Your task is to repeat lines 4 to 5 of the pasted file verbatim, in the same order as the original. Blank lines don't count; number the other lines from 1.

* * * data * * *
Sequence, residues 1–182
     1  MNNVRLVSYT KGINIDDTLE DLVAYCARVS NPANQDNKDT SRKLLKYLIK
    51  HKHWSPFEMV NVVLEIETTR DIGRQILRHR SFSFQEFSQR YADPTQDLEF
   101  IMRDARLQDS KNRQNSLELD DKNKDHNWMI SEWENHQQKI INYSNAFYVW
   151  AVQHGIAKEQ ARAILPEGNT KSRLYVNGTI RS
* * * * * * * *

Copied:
   101  IMRDARLQDS KNRQNSLELD DKNKDHNWMI SEWENHQQKI INYSNAFYVW
   151  AVQHGIAKEQ ARAILPEGNT KSRLYVNGTI RS